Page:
For years I had looked up to certain people in the world of Ed Tech. I would attend their sessions and be inspired by their ideas. Many of them were Google Trainers and Innovators. I would look at the requirements for those certifications, and talk myself out of applying. It wasn't like you could take a simple test and get the badge. It was a process. It required exams, resumes, references, and ideas. I talked myself out of it every time.
But something switched in my brain this past Spring. I decided that I should try it anyway. The worst thing I could get told was no. I had become used to rejection, and my grit was intact. Professionally, I was in a rut, in a place where my ideas and experiences did not seem to matter. I took the Educator Level 1 & 2 tests, passing them both.
As I was prepping for and taking the exams, I noticed that the window for Google Trainer certification was open. I looked at the requirements and felt a bit overwhelmed. Yet, I took a deep breath and dove in. It took several weeks to put together the paperwork, video, and other documentation. I submitted my application and waited, self-doubting the whole time.
On June 22, I got the email. I was now a Google Trainer.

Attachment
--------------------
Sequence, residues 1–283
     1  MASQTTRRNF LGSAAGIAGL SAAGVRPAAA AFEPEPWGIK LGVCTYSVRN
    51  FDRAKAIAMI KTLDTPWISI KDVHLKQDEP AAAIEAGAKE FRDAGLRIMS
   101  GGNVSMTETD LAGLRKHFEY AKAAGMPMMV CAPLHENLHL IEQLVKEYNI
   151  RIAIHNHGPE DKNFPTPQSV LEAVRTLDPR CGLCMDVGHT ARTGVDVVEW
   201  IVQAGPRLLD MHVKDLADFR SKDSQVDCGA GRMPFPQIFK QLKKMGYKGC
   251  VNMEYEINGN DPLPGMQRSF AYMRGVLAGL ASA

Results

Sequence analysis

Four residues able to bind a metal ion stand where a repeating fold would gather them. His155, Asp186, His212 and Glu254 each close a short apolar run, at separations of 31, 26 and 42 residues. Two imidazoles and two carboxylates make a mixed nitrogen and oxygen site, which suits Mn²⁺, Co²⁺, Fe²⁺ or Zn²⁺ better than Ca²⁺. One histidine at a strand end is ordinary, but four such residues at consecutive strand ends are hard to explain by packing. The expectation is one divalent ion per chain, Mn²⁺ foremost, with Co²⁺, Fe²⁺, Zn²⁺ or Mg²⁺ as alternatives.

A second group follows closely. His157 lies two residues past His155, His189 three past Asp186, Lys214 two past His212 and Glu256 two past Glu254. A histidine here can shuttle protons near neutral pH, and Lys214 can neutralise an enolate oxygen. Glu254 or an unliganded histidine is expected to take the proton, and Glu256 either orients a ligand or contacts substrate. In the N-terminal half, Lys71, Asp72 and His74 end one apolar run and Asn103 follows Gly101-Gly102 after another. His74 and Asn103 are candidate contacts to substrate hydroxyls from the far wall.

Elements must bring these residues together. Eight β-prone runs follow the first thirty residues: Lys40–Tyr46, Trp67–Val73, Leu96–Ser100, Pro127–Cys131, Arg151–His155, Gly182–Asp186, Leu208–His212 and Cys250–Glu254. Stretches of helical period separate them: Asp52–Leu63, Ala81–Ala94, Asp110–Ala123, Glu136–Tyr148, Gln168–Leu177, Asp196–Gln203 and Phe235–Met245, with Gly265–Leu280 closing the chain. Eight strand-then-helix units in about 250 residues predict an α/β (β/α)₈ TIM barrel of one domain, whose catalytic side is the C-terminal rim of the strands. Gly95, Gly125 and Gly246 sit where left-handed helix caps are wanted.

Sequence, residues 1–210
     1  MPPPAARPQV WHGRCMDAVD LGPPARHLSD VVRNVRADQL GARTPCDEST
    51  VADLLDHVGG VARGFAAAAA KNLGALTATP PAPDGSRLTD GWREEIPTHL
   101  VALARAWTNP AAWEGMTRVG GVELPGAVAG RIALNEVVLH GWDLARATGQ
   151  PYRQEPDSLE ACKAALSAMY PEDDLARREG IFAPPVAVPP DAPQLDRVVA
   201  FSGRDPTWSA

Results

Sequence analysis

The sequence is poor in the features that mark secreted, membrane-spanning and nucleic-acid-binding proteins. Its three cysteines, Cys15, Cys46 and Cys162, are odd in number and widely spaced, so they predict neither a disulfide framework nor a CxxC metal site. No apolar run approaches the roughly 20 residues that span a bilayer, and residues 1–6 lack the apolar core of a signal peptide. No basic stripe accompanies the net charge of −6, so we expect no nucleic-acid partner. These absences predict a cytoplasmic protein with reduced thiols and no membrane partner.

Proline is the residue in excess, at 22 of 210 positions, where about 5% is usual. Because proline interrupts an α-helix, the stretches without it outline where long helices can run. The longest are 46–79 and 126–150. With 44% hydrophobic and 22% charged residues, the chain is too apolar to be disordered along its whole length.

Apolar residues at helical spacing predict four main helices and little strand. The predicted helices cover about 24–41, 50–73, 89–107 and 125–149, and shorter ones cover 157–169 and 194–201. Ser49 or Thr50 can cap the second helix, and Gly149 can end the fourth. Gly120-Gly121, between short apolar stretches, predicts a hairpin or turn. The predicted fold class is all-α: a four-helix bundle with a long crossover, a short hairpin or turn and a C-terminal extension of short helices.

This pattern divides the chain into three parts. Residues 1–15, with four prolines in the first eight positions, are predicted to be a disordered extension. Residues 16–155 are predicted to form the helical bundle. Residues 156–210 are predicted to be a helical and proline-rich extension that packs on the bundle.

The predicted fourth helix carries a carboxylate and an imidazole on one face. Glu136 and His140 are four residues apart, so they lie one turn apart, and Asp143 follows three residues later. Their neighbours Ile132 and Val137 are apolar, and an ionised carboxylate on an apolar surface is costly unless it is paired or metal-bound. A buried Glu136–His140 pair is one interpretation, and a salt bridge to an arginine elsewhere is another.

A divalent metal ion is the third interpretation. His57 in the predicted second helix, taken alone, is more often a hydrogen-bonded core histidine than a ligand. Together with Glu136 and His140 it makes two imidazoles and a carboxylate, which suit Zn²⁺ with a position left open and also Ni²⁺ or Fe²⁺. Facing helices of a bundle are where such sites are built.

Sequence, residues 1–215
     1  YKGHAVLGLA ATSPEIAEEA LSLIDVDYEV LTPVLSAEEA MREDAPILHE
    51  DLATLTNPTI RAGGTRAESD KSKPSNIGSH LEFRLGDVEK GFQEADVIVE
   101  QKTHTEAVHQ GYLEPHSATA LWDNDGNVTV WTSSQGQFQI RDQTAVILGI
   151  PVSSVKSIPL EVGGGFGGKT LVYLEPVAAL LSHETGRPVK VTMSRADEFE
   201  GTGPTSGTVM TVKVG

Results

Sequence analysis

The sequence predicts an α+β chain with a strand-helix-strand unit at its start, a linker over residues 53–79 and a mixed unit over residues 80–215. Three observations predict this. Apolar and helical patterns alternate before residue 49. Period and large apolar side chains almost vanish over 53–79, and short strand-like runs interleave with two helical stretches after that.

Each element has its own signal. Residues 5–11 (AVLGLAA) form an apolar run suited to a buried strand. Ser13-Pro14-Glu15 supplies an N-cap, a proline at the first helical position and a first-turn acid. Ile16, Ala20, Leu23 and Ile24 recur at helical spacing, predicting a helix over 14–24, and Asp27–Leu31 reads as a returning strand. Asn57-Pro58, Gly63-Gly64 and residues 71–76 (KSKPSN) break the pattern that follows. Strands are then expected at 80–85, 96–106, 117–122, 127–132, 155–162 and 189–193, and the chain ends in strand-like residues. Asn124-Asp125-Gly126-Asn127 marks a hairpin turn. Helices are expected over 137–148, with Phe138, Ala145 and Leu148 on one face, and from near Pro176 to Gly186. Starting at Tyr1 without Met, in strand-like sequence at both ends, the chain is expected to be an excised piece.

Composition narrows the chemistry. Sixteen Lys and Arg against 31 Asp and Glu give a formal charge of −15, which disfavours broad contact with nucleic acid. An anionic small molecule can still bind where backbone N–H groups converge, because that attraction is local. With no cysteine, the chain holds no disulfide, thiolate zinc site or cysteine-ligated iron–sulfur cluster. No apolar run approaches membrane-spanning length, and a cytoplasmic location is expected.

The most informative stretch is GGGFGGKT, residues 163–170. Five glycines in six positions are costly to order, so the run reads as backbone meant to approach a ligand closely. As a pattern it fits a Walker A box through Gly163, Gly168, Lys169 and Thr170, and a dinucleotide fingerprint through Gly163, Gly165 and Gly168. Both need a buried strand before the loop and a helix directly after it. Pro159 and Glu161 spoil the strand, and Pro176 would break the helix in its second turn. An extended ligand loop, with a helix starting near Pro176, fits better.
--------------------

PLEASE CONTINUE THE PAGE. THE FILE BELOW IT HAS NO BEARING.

This was a big deal for me. There are only about 1,400 Google Trainers in the world, and I was now one of them. I felt like all of my experience finally counted for something. I had a new motivation to keep going (plus, I had to clock trainings to keep my Trainer certification). Although I have had a few hiccups, I have soldiered on and created a weekly Google class at my school in addition to proposing sessions for conferences and summits.
It was because I am now a Google Trainer that I got the email. Applications for the first Google Innovator Academy in Canada were open. I looked at the requirements and felt a bit overwhelmed. Yet, I took a deep breath and dove in. It took several weeks to put together the paperwork, video, and other documentation. I submitted my application and waited, self-doubting the whole time.
On September 6, I checked my email all day. It was a 50/50 chance. In the evening, I started getting invites to join Google+ groups. Documents were shared with me, and my Twitter started blowing up. In my Spam folder, I found it:
Wow, I am a Google Innovator.
After the whirlwind of this week, booking flights, hotels, and applying for a passport, I sit here is awe of this opportunity. I have for so long been a single voice trying to make change in a world of status quo thinkers. To think that I am going to spend three days collaborating with like-minded educators who want to change the world for our students as much as I do, I get choked up.
It inspires me to keep going when all I find are brick walls. It humbles me to think that Google trusts me to help lead that change. It awes me as I look forward to the learning I will do so I can encourage learning in others. I can't wait!